Modernisme and Gaudí: Art Nouveau in Barcelona (5:41)
Barcelona’s Modernisme is the Catalan take on Art Nouveau (late 19th century). You’ll see its curvy, flowing shapes in the Eixample neighborhood and in works by great Modernista architects, such as Antoni Gaudí’s La Pedrera (Casa Milà), Park Güell, and Sagrada Familía church.
Complete Video Script
The 19th century was a boom time for Barcelona. By 1850, the city was busting out of its medieval walls. A new town — called the Eixample (or "expansion") — was planned to follow a grid-like layout. Wide sidewalks, graceful shade trees, chic shops, and plenty of Art Nouveau frills make the carefully planned Eixample district a refreshing break from the dense Old City. Building corners were snipped off to create light and spacious eight-sided squares at every intersection.
The vision of the Eixample was to have everything equally accessible to everyone. Each district of about 20 square blocks would have its own market, hospital, schools, parks, and daycare.
While the original vision was an egalitarian one where each zone was equal, the Eixample became an architectural showcase for its wealthy residents. While adhering to height and width limitations, they built as they pleased — often in the trendy style of the day: Modernisme.
Modernisme is the Catalan version of Art Nouveau, which flourished across Europe in the late 19th century. Barcelona was the capital of Modernisme and, especially here in the Eixample, it shimmers with its characteristic colorful, leafy, flowing, and blooming shapes.
Several of Barcelona's top mansions line the boulevard Passeig de Gràcia. Because the structures look as though they are trying to outdo each other in creative twists, locals nicknamed this stretch the "Block of Discord."
Barcelona is an architectural scrapbook of the galloping gables and organic curves of the most famous Modernista architect… hometown boy Antoni Gaudí. His Casa Milà is Barcelona's quintessential building from this era.
Casa Milà is open to the public. It shows how the organic sensitivities of Modernista architecture flowed into the domestic world. This apartment would have been rented by a wealthy businessman. It shows how the affluence of the industrial age was enjoyed on a personal level — at least by the upper class. Now an apartment could be a small palace.
Gaudí's most famous work is his unfinished Church of the Holy Family, or Sagrada Família. He worked on it for over 40 years, until his death in 1926. Work continues on the church, which is not expected to be completed for another 50 years.
The Nativity Facade, the only part of the church essentially finished in Gaudí's lifetime, shows the architect's original vision. Mixing Christian symbolism, images from nature, and the organic flair of Modernisme, it's an impressive example of Gaudí's unmistakable style.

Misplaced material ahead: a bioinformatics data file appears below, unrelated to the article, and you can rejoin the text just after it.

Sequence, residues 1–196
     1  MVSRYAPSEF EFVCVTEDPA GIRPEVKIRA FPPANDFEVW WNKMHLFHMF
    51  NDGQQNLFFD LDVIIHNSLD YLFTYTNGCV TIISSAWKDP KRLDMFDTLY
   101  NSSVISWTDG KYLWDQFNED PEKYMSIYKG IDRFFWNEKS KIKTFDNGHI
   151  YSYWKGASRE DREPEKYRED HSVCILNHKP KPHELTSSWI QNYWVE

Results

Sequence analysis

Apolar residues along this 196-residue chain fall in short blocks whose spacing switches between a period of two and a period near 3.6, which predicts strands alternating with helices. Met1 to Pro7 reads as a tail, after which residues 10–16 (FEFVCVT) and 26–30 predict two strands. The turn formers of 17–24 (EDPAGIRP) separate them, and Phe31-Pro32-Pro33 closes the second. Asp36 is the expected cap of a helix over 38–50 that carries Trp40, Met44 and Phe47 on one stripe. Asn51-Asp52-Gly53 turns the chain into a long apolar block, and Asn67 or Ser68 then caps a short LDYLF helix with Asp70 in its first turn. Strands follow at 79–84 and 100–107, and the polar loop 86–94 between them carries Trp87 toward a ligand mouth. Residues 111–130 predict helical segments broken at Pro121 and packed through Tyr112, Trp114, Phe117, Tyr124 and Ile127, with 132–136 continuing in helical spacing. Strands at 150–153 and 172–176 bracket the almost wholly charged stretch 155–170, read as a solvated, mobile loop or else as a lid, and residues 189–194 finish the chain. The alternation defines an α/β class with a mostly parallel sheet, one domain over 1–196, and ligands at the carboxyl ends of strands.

The more modern Passion facade has a different, yet complementary, style. In the soaring nave, Gaudí's columns blossom with life. Gaudí was a devout Catholic. Part of his religious vision was a love for nature. He said, "Nothing is invented; for it’s written in nature first." His little windows let light filter in like the canopy of a rain forest, creating space for an intimate connection with God.
Stepping into this monumental construction zone, visitors see the slow-and-steady progress… and what their steep admission fee is funding.
Like the construction of great churches through the ages, this project takes many lifetimes. Gaudí knew he'd never see it finished, as do the architects working on it today. Yet they all contribute, pushing steadily toward completion.
Someday a central 550-foot tower of Jesus will rise above all this. It'll dwarf everything we see today. The vision: to shine like a spiritual lighthouse visible even from out at sea. If there's one building on earth I'd like to see, it's the Sagrada Família… finished.
For a more playful dose of Gaudí's architectural genius, we're heading out to his colorful Park Güell.
While today the grand stairway and its welcoming lizard are overwhelmed by fun-seekers, Gaudí intended this 30-acre garden to be a 60-residence housing project — a kind of gated community. Fanciful viaducts compliment the natural landscape. Gaudí actually lived in this mansion. As a high-end housing development, the project flopped. But a century later, as a park, it's a huge success.
As you wander, imagine that the community succeeded, and you were one of its lucky residents. Here at the "Hall of 100 Columns" — the intended produce market — you'd enjoy the fanciful columns and decor while you did a little shopping. Heading home, you'd stroll down the playful arcade — like a surfer's perfect tube, it's another nature-inspired Gaudí fantasy. And, on such a beautiful day, you'd sit a spell on Gaudí's ergonomic benches to enjoy a grand view of this grand city.